Rosenblat also explains the “dispatching function” that Uber undertakes “as a tool to control its drivers.” She explains, “drivers may apply to drive for Uber with the intention of working for a particular service tier (because each tier, such as Uber X or Uber SUV, requires a specific make and model of car), but Uber often pushes drivers to accept dispatches for lower tiers. An Uber Black driver may be dispatched to pick up an Uber X customer, who pays the lower Uber X rates, even though the driver continues to absorb the cost of operating a higher-end, gas-guzzling vehicle….”


An outstanding feature of Uberland is the author’s exploration of all aspects of Uber as a new form of employment or consumerist relation. As noted above, she grapples with the conceptual issue of whether an Uber driver is really just a consumer of the Uber app product, as opposed to undertaking work as traditionally conceived.

This inquiry is a crucial aspect of the book. Yet, to this reader, this conceptual query seems superfluous. This is so when two aspects of the Uber experience are appreciated.

First, Uber has acknowledged that one of its biggest competitors for labor is none other than McDonald’s. This fact strongly suggests (or proves) that driving for Uber is simply just another entry-level job which requires only minimal skill (granted, the worker will need a car).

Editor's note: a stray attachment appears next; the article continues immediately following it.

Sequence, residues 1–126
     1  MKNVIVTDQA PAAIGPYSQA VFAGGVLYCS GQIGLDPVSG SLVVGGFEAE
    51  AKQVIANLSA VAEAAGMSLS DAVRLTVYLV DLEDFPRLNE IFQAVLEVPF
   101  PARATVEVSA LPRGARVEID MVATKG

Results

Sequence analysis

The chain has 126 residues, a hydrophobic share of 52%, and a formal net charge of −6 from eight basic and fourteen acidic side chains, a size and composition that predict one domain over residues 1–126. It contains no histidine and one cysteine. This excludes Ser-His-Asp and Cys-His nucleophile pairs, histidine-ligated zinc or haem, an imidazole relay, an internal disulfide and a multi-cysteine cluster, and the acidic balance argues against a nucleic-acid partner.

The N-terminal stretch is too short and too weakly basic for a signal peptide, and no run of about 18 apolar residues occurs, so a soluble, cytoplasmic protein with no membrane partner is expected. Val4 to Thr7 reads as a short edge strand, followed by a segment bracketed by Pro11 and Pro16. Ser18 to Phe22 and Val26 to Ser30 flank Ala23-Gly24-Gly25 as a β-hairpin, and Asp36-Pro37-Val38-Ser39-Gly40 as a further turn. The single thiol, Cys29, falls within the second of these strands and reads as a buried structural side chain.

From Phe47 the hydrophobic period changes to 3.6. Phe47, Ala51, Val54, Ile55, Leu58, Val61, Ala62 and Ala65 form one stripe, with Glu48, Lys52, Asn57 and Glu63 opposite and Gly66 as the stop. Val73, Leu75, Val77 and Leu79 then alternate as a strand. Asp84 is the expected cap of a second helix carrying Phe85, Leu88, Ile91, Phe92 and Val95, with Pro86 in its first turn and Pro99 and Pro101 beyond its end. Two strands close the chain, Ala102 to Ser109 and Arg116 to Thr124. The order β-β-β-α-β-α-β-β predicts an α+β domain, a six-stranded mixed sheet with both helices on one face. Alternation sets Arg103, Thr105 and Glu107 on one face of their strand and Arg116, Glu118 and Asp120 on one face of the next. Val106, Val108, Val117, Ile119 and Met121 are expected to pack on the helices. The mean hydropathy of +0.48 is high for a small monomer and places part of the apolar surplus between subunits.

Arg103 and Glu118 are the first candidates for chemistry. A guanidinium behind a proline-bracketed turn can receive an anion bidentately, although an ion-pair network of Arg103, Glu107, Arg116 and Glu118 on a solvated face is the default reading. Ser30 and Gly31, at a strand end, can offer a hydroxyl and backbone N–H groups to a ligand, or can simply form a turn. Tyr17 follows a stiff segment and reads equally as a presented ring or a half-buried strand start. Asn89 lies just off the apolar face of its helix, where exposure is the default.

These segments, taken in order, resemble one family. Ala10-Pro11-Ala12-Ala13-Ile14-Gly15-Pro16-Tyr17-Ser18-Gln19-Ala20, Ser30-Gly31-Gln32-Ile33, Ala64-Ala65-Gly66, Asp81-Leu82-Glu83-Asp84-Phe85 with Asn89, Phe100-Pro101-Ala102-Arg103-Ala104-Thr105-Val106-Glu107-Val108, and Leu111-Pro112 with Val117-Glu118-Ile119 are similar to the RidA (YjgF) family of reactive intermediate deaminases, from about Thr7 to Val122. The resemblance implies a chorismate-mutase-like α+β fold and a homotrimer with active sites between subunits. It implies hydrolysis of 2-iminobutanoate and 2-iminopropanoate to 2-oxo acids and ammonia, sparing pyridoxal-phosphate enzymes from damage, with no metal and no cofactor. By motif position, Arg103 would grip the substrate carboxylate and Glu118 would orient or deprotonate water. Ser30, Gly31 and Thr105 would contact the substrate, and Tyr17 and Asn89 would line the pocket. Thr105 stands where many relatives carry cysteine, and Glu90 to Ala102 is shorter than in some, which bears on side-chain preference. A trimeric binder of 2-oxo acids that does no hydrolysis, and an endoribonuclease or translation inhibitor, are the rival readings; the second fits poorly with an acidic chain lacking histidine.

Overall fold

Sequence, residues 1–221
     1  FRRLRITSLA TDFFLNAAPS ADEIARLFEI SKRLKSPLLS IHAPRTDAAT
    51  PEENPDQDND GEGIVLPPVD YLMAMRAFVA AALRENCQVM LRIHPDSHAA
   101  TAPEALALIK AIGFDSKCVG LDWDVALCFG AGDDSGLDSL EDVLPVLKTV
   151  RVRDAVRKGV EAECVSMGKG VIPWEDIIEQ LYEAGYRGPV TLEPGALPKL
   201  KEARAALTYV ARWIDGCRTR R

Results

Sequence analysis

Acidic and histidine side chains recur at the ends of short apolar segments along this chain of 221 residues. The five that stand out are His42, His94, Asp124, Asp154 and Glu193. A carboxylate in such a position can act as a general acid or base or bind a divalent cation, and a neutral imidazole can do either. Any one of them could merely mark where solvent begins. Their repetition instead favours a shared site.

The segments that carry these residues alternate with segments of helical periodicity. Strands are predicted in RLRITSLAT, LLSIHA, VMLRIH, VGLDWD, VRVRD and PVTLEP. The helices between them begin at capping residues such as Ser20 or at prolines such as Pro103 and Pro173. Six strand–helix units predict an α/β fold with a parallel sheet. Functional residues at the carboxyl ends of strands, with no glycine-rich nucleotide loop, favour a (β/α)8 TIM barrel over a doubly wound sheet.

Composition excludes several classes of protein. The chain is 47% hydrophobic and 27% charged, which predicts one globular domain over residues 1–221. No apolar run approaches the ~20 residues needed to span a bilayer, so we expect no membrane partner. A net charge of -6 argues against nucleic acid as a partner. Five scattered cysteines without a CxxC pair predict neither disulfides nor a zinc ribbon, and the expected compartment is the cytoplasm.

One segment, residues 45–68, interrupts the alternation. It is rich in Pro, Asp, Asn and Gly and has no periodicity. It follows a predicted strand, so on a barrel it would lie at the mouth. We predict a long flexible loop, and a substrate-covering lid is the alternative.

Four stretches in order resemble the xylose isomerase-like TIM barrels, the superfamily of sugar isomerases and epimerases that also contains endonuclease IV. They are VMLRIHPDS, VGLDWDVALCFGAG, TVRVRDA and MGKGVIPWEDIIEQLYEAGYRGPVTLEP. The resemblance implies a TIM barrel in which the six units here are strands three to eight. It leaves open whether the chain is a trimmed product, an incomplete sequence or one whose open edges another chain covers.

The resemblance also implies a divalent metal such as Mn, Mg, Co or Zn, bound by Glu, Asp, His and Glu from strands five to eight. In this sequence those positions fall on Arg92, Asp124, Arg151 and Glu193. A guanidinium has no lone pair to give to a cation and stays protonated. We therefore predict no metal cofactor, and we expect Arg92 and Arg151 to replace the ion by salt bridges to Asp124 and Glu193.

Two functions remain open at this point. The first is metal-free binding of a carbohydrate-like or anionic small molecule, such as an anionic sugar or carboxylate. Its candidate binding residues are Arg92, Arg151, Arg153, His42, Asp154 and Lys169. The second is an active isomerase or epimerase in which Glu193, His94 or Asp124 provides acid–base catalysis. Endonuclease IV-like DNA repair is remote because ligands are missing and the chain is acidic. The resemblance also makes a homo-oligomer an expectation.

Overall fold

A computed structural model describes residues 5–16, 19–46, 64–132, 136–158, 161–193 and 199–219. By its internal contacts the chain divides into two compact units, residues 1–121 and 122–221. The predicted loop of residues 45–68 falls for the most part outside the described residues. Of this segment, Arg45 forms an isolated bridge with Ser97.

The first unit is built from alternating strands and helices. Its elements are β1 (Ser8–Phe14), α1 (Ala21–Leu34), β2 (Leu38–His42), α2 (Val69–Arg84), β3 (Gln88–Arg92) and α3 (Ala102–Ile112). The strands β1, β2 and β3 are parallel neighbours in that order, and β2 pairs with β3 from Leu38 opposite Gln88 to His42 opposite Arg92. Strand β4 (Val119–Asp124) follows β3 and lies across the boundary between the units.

Second, a major anxiety for many full-time Uber drivers, pressed as they are by Uber never to get off the app, is finding a convenient time and place to take a bathroom break. This fact points up that, for all Uber’s technology and mystique, in the end it can only operate and receive its riches via an army of entry-level workers desperate to find the nearest porta-potty.

Is the conceptual issue really so complex?


Uberland is attractive to the lawyer reader because of its sophistication with regard to the critical legal issues that we consider. Rosenblat references the O’Connor decision, decided under the FLSA in California, and agrees with the federal district court judge that Uber’s model suggests not independent contractorship but employment.[3]She also references the Pennsylvania Lowman unemployment compensation case (in its earliest stages) now recently decided by the Supreme Court. There, the court held that a worker laid off from a job, thereupon seeking work via the Uber app, is not “self-employed,” and hence is potentially entitled to partial unemployment compensation benefits.[4]

Many books on Uber and employment law exist. Still, Uberland, as a field manual, is the best to get the lawyer into the muddy trenches of the pertinent workplace and legal analyses.

[1]David B. Torrey, Workers’ Compensation and Laboring in the Gig, THE BRIEF, p.12 (ABA TTIPS Section 2020),
[2]This assertion was put to rest in JEREMIAS PRASSL, HUMANS AS A SERVICE: THE PROMISE AND PERILS OF WORK IN THE GIG ECONOMY (Oxford Univ. Press 2018) (asserting that commercial labor intermediaries have existed since the 19th century) (reviewed in this newsletter, No. 135 (August 2018)).
[3]O’Connor v. Uber Technologies, Inc., 82 F.Supp.3d 1133 (N.D. Cal. 2015).
[4]Lowman v. UCBR, 2020 WL 4250088 (Pa., filed July 24, 2020), affirming 178 A.3d 896 (Pa. Commw.2018),